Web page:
Policy chief warned Cameron over Heathrow air quality plan
David Cameron was warned a year ago that the Government was "exposed on Heathrow" because it had no answers to concerns on air quality.
A memo to the then PM by his Number 10 policy chief raised alarm about a Whitehall air quality plan, according to The Guardian.
The note, written by senior adviser Camilla Cavendish, was dismissive about the first draft of a government air quality initiative from the department of environment which was then headed by Liz Truss.
The September 2015 memo said: "There are three problems with Liz's clean air plan as currently written: First it is still very much a draft which quotes initiatives that are likely to be abolished ... Second it both overclaims and underwhelms.
"It says we want the cleanest air in the world but does not even begin to tackle the fundamental question of how we might help people to shift away from diesel cars. Third, it leaves us exposed on Heathrow where we don't yet have an answer on air quality."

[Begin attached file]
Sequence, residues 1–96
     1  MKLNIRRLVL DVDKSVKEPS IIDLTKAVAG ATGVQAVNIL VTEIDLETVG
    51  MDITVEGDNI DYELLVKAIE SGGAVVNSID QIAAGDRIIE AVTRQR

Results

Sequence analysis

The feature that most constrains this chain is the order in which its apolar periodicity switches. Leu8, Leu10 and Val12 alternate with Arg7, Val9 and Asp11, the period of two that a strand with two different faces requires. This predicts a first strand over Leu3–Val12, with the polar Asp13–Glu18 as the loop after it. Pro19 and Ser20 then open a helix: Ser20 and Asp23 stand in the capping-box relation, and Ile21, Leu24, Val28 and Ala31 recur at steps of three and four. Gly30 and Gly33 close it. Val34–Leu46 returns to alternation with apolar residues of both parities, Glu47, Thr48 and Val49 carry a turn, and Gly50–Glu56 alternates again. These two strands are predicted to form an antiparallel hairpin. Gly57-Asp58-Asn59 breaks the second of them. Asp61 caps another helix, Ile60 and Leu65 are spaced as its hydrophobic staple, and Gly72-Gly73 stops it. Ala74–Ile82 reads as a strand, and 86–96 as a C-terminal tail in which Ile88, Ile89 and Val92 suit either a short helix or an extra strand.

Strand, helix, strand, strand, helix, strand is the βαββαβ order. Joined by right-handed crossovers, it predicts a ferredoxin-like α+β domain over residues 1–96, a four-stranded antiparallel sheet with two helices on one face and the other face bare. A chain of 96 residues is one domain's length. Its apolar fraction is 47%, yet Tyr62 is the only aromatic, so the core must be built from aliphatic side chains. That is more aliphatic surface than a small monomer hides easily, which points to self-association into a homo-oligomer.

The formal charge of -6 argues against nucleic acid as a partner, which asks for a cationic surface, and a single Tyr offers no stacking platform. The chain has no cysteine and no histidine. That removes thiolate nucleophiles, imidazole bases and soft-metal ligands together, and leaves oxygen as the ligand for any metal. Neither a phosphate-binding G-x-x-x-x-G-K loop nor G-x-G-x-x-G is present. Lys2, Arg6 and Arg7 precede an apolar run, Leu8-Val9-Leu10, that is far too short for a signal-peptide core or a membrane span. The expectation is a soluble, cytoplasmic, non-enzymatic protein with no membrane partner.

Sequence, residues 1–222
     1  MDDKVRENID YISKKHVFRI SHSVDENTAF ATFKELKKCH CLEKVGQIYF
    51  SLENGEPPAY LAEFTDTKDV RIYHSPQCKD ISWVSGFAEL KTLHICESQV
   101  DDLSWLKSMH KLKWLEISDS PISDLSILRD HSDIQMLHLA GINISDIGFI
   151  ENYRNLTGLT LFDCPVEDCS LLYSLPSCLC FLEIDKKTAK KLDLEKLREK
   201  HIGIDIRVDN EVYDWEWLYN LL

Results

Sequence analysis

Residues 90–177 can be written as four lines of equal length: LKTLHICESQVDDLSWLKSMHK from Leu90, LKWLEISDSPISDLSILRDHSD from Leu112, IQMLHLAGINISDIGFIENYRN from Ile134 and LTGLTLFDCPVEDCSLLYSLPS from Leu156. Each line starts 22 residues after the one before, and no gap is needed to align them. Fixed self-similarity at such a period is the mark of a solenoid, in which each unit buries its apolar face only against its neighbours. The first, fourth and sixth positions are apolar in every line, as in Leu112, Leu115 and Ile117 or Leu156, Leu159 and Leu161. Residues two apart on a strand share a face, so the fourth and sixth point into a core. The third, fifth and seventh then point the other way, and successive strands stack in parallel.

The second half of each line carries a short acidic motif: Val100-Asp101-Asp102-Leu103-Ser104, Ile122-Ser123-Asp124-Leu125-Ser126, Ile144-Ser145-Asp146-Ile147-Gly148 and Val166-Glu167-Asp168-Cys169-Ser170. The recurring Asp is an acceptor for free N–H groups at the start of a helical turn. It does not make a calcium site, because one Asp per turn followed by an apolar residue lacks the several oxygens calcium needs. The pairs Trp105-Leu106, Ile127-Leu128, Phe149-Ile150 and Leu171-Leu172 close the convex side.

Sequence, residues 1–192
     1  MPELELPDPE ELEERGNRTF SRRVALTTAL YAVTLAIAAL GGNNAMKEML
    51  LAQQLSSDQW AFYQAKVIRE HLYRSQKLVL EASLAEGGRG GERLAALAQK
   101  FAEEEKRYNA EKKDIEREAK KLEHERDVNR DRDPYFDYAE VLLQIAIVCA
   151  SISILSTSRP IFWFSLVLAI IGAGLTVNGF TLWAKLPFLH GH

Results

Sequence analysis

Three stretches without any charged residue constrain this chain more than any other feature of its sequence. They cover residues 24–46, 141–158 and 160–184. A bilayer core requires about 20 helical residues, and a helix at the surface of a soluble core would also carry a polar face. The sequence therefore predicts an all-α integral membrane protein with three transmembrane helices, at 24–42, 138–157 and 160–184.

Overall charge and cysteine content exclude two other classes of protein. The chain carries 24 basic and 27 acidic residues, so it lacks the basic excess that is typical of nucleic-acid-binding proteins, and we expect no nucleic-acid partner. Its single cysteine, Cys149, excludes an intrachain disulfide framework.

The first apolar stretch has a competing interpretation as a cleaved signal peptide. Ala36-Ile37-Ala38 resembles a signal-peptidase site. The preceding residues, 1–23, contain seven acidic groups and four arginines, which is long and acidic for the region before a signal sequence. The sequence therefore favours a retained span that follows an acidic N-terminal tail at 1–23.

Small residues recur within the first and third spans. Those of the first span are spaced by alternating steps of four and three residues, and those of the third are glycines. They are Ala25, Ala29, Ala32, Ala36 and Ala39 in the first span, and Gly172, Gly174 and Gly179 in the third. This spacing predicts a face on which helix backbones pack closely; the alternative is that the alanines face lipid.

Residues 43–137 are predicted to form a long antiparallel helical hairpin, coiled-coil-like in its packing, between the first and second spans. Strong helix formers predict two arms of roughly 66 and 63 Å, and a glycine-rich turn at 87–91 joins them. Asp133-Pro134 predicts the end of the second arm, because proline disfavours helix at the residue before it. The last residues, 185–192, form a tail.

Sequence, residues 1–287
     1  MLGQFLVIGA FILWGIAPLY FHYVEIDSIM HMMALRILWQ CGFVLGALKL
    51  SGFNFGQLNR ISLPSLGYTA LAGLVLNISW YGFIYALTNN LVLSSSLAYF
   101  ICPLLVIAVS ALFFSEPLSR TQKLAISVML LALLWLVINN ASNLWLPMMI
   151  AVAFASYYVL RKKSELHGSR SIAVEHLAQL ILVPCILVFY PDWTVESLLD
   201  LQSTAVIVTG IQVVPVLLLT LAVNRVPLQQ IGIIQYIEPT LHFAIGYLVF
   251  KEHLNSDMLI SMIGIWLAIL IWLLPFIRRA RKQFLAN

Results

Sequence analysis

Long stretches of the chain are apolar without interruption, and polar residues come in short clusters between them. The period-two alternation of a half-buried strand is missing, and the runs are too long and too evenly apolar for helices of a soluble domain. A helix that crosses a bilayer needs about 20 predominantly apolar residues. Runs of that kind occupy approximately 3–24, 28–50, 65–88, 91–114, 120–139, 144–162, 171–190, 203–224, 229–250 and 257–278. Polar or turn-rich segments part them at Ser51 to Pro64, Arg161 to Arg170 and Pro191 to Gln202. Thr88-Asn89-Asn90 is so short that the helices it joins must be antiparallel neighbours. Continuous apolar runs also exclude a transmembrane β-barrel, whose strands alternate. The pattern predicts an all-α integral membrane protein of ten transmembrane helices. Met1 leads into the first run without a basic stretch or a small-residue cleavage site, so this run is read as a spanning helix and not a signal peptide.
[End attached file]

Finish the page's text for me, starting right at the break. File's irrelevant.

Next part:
The revelation came after Theresa May defended her approach to expanding airport capacity after it emerged a final decision by Parliament would not be taken until the winter of 2017/18.
The Prime Minister said a judgment would be made this month on whether to go ahead with a third runway at Heathrow, as the airport insisted there had been "no delay" over the plan.
She said she would settle an issue that politicians had been wrangling over for decades, but the "formal process" would mean a further consultation before a vote by MPs.
Mrs May told the Commons at Prime Minister's Questions: "This is a subject that has been debated, discussed, speculated on for 40 years. This Government will take a decision.
"But there is then a formal process that has to be undertaken so that the Government will identify its preferred option of site. That will then go to a statutory consultation.
"The Government will then consider the results of the statutory consultation and bring forward an airports national planning statement on which this House will vote."
The Davies Commission recommended a third runway at Heathrow, but Mrs May stressed that the other two options in the report - expanding Gatwick or lengthening an existing runway at Heathrow - were "credible and deliverable".